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Fast Food Fights

by Stephen Lautens

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March 30, 2001

As if the roads weren't dangerous enough already, there's a whole new kind of road rage facing drivers.

It's been reported that more and more people are getting into verbal and physical disputes while waiting in line for their orders at drive-throughs. Someone was just arrested for uttering threats because he felt the woman ahead of him wasn't pulling up far enough so he could be three feet closer to his Egg McMuffin.

That's right. More and more people are in such a rush to get not only crummy food but usually someone else's order that actual fights are breaking out in fast food parking lots. I don't know what the hurry is. You can just as easily spill a cup of scalding coffee in your lap when you get to the office.

Maybe they need two windows - one to pick up your order and another one next to it for free anger management counseling. Or maybe your morning doughnut should come with a restraining order. Whatever it is, the last thing we should be giving these people is red meat and caffeine.

I guess wasn't raised in a eat-in-the-car culture. The most we ever did was go for a drive after dinner in the summer and pick up an ice cream cone. And woe to anyone who dripped on the seat. That included the dog who insisted on getting her own cone. We didn't spoil her though - we drew the line at sprinkles.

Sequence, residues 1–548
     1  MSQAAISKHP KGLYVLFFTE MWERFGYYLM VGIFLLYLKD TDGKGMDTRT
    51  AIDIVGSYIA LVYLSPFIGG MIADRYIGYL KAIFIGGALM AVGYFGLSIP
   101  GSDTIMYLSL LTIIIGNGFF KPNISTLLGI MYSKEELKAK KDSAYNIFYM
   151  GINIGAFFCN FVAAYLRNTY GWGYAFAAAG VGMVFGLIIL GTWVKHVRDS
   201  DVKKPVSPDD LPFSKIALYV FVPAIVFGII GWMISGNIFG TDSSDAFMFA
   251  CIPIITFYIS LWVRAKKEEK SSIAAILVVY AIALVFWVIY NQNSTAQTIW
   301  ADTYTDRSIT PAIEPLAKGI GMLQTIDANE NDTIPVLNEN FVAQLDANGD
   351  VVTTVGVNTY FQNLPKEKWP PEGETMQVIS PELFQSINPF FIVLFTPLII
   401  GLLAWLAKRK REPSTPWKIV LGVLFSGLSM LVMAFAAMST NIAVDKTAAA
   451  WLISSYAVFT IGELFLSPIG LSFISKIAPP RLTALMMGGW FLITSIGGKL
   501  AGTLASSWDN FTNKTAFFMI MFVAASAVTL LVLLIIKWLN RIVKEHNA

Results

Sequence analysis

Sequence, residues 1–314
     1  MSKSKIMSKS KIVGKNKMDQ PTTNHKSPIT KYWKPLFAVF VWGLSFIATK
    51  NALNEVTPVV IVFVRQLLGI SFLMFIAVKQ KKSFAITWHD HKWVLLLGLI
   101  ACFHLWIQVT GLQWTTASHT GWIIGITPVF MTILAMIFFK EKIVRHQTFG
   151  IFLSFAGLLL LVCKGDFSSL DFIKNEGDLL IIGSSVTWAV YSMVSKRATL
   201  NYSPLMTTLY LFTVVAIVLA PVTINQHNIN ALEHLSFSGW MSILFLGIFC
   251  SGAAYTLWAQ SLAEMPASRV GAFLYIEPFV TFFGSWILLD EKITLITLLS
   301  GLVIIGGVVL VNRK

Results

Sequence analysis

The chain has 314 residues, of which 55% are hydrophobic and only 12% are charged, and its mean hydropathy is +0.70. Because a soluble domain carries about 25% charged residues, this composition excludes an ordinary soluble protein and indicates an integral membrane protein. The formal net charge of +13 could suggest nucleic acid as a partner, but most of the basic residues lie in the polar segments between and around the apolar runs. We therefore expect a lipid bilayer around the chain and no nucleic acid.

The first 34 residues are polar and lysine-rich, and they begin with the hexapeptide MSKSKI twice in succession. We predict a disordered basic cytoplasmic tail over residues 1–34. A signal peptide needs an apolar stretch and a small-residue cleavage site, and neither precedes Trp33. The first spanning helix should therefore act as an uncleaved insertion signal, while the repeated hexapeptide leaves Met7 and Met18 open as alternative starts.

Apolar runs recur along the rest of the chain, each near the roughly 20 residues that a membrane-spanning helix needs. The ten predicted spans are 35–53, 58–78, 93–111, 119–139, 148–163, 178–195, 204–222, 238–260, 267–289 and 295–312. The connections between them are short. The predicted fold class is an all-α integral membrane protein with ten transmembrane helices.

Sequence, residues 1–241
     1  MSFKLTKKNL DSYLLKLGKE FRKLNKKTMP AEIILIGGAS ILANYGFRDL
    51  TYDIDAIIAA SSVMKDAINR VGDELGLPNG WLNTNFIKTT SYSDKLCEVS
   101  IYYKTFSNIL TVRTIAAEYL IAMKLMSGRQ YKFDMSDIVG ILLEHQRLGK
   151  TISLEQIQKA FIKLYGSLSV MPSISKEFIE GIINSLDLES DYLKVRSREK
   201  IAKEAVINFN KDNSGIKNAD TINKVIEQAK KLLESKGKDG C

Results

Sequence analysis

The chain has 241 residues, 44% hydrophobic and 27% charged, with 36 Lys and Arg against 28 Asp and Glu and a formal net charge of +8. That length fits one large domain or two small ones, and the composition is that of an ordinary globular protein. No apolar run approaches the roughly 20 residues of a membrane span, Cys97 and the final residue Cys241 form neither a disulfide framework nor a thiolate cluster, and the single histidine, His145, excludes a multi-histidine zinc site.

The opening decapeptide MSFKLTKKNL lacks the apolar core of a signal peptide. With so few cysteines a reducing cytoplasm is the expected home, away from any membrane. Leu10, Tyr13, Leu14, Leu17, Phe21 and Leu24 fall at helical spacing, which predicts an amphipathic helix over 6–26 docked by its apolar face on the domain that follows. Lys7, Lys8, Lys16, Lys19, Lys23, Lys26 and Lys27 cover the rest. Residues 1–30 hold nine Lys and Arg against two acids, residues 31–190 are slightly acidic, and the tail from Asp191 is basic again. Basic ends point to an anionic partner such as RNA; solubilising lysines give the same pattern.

But otherwise, eating in the car was just not on. Dad ran a tight ship. Besides, there were a number of us kids who were prone to motion sickness.

You can always tell which of your friends eat in the car. The floor is covered in napkins, straws and the odd French fry. A thermos cup is glued to the dash and the ashtray is full of packs of sugar. If you accept a lift from the ones who have kids, be prepared to pick Cheerios out of your pants and fruit treats out of your hair for the next week.

Kids who eat in the car are the single best reason to get a dog, as long as it's not too picky.

Like parents and their half gallon mugs of coffee, kids today don't seem to be able to move more than three feet without a juice box within reach. I know it was the dark ages, but my mother's best advice when we announced we were thirsty? "Swallow your spit until we get home."

Not only was it cheap and effective, it was also environmentally friendly.

And the only road rage we saw was in the back seat when my brother, sister and I accused each other of breathing each other's air - which in those days constituted a capital offense, punished to the full extent the law (our mother) would allow before breaking it up.

Maybe the mini-van is to blame, with its fourteen cup holders, dinner trays and optional microwave (I kid you not). It truly has become meals on wheels for those in danger of malnutrition on the long trek between home and school.

In the meantime, if you feel you absolutely have to use a drive through, may I recommend the doughnut with the Prozac crème filling?

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© Stephen Lautens 2001

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